With homeseekers increasingly starting their house hunting online, the temptation to go beyond simply tweaking listing photos might be greater than ever. The question is whether full-scale digital renovations are inherently deceptive.
Brokers are using digital photo editing software not just to touch up listing photos, but significantly alter layouts, flooring and finishings, the New York Daily News reported. Though the practice may sound like deception, it’s legal so long as agents are honest when it comes to disclosing that preview images have been doctored, according to the newspaper.
The practice can come in handy when owners have idiosyncratic tastes that might not appeal to potential buyers. The newspaper points to a $7 million townhouse packed with taxidermy that was marketed by Halstead Property. Using digital editing, the brokerage was able to clear away the clutter.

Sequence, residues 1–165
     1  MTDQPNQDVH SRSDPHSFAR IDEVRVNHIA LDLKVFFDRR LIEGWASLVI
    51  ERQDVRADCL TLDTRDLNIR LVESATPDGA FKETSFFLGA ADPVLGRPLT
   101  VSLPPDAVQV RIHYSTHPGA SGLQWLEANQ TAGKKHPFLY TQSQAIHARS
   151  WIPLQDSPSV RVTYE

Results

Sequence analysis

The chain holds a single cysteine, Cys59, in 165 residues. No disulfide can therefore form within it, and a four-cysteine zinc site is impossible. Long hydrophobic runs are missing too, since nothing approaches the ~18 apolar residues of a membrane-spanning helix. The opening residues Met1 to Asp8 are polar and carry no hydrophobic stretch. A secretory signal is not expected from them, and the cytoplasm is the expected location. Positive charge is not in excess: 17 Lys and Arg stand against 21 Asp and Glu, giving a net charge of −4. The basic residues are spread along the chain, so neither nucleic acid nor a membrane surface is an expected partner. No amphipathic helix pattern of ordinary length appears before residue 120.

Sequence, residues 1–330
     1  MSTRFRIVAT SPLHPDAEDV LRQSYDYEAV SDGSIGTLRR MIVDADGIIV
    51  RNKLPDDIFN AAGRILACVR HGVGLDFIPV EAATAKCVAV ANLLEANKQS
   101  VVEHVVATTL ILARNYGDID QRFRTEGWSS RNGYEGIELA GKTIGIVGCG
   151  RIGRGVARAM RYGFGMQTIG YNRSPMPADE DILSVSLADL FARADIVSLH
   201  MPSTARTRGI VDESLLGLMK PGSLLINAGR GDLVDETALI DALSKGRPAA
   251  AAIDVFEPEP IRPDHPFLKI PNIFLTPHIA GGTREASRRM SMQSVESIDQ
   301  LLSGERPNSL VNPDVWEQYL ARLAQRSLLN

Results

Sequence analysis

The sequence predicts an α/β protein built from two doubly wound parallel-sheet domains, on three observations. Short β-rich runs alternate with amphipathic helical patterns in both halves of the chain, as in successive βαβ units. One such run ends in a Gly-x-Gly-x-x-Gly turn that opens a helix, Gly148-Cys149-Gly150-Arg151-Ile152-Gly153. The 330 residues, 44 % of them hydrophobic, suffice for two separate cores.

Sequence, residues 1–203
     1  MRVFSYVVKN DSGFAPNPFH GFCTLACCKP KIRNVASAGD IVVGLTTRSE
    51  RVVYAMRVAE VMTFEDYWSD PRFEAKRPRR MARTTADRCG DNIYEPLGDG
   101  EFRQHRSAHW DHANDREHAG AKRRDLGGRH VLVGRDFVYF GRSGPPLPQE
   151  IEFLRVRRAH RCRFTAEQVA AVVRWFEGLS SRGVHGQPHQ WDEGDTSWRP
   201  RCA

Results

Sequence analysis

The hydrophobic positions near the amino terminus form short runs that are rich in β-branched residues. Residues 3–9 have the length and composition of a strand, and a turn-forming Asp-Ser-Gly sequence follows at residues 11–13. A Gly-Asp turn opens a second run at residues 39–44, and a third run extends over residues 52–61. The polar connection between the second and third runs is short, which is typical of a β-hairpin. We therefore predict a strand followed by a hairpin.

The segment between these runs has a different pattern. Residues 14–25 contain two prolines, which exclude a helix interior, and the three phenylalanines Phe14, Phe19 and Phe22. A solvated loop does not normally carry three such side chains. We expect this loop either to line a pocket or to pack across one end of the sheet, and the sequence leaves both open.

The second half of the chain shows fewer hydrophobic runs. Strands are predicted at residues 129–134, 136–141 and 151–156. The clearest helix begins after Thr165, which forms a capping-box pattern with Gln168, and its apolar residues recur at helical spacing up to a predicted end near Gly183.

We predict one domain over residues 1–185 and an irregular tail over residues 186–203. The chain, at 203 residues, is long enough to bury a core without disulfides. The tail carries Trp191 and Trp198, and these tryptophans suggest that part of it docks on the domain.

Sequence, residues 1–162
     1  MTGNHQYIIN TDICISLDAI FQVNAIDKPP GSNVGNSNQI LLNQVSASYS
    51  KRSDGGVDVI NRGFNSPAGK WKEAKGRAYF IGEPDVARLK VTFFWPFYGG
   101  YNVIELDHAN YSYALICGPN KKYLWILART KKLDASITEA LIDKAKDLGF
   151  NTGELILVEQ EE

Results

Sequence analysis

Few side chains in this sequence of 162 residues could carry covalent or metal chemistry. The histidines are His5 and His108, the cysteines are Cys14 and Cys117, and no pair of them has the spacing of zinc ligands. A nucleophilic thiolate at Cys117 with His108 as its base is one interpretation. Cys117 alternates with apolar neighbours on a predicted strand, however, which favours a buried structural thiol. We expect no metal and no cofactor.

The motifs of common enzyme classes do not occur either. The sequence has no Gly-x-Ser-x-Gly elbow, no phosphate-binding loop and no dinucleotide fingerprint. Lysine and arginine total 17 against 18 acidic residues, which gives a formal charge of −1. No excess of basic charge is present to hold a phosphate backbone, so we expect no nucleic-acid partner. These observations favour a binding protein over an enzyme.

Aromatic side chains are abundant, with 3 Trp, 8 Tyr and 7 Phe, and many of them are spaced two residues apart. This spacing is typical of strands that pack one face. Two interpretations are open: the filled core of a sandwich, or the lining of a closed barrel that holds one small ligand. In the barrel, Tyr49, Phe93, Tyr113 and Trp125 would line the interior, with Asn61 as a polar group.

“If sellers have not updated their home in 30 years, that could be a major hurdle to jump over when they go to sell,” Matthew Leone, a Web marketer at Halstead, told the Daily News. “Not everyone has that vision to see beyond the current esthetic. We’re just providing it for those that don’t.” [NYDN] — Tom DiChristopher